Virus-like particles (VLPs) are biopharmaceuticals designed to mimic true viruses with potential applications against various diseases such as viral and bacterial infections including Hepatitis B, cancer, Alzheimer's disease, and autoimmune disorders. These virus-derived molecules are custom designed to express specific antigens on their surface that elicit an immune response from T and B-cells. Unlike AAVs, they do not contain a payload that must be delivered, but rather are useful in their ability to cause both cell-based and antibody-based immune responses. By affecting the immune system in multiple ways, these molecules have become legitimate candidates in the study and development of vaccines, preventive medicines, and targeted drug and gene therapies. VLPs withstand most environmental stresses and can be produced inexpensively.  Like viruses, VLPs are assemblies of one or several types of capsid proteins forming a higher order structure. As a result, analytical characterization of these biopharmaceuticals usually includes quantification of the viral-like protein content, stability and reproducibility measurements as well as higher order structural analysis to verify formation of the assemblies.  As a result, spectroscopic analytical tools including IR spectroscopy have long been employed to characterize these biomolecules.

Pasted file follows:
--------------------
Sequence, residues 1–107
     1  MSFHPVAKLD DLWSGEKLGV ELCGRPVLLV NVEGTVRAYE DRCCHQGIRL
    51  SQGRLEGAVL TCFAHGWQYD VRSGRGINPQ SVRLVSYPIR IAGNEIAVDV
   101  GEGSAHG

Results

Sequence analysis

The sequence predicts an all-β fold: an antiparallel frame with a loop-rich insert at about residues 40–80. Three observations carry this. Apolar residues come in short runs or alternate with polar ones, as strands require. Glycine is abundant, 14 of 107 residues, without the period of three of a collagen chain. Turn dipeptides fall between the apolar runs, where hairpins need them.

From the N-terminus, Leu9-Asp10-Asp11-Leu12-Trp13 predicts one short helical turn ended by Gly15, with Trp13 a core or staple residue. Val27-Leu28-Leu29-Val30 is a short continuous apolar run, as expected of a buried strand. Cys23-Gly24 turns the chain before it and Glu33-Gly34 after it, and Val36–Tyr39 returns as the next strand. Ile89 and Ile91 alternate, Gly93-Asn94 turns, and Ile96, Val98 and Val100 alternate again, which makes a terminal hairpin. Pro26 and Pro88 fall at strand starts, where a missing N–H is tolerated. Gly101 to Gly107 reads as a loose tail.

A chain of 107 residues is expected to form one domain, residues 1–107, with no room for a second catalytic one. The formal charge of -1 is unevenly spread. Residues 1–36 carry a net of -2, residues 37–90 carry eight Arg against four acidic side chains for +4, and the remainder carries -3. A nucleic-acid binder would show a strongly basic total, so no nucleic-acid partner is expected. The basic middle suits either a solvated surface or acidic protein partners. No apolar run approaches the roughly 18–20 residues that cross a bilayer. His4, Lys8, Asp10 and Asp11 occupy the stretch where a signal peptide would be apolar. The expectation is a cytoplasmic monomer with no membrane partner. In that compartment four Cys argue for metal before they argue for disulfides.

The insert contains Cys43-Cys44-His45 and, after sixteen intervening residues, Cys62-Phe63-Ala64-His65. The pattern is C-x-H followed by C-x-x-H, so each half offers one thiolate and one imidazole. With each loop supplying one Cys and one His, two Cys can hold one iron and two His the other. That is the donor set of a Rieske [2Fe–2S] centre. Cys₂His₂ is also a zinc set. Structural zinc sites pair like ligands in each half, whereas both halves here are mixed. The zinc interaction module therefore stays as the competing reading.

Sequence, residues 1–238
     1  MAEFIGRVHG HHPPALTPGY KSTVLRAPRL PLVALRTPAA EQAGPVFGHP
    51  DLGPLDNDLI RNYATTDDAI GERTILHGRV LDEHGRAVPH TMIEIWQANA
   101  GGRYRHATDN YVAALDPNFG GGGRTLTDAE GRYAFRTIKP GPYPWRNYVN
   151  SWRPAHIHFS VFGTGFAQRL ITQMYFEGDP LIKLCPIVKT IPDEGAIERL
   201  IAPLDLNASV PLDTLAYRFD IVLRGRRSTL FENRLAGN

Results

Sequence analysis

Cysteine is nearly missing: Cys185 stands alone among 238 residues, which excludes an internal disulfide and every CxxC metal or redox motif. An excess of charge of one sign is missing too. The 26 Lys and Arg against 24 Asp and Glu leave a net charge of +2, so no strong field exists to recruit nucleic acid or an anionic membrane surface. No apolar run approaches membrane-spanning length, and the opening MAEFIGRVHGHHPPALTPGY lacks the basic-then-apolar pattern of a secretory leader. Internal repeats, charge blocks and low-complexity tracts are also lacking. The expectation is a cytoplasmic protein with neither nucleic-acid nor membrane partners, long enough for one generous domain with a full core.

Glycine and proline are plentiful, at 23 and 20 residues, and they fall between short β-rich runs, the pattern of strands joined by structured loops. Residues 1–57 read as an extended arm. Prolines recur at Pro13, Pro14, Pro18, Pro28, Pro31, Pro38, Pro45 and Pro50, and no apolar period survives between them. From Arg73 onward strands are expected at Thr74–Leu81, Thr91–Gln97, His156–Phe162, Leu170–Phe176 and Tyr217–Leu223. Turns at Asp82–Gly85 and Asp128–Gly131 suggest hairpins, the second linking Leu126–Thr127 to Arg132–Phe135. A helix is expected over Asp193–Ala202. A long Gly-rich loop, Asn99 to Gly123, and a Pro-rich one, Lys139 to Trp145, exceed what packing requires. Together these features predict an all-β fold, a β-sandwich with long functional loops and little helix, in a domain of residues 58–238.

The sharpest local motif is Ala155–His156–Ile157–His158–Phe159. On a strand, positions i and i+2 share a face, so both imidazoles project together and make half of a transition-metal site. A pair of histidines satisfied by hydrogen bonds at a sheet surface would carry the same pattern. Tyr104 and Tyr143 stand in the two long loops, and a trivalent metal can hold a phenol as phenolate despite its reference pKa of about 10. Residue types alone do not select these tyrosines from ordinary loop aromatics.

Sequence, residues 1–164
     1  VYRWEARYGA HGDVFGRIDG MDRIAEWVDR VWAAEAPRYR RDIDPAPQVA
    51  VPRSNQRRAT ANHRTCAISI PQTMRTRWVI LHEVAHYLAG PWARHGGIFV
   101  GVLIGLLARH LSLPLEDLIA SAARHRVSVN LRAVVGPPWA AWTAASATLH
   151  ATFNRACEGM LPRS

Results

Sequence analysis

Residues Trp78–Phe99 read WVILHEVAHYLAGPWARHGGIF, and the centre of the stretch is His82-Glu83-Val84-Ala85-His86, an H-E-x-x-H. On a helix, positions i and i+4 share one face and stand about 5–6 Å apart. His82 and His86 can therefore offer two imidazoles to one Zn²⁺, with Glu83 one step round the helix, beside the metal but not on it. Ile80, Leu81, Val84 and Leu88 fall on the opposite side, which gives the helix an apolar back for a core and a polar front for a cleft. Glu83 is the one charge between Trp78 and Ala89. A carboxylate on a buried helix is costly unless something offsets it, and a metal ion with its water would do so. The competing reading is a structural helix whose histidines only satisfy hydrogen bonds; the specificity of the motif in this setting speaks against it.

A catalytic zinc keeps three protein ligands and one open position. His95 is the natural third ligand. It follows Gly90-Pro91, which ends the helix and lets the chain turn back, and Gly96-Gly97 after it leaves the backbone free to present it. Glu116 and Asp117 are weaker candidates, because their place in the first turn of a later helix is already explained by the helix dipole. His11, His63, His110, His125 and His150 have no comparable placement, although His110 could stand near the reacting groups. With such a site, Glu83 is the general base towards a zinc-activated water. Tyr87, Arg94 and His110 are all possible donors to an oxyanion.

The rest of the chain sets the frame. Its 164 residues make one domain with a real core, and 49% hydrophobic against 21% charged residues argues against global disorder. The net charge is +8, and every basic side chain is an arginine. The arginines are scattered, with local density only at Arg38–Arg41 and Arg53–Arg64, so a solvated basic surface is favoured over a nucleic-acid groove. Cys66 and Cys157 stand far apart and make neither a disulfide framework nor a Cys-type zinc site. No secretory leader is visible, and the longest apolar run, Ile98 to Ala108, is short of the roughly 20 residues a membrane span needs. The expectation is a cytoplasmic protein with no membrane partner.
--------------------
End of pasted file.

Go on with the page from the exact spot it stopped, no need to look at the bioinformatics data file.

The novel Aurora and Apollo utilize a quantum cascade laser (QCL) and a microfluidic flow cell to provide quantification, as well as secondary structural characterization of the VLPs via Microfluidic Modulation Spectroscopy (MMS). Combined with other orthogonal analytical characterization tools, this unique approach to mid-IR spectroscopy provides confidence in the identity and stability of the proteins that make up the VLPs with even faster, more automated mid-IR sample analysis.  The improved sensitivity provided by the QCL and the real-time background subtraction powered by the MMS technology enables the ultrasensitive detection of the smallest differences in assembly states.  The real-time background subtraction of the MMS platform promotes analysis in multiple buffers and formulations across wide concentration ranges. These inherent analytical features of MMS within the Aurora and the Apollo make it an excellent platform for characterizing and quantifying VLPs and their higher-order structures.


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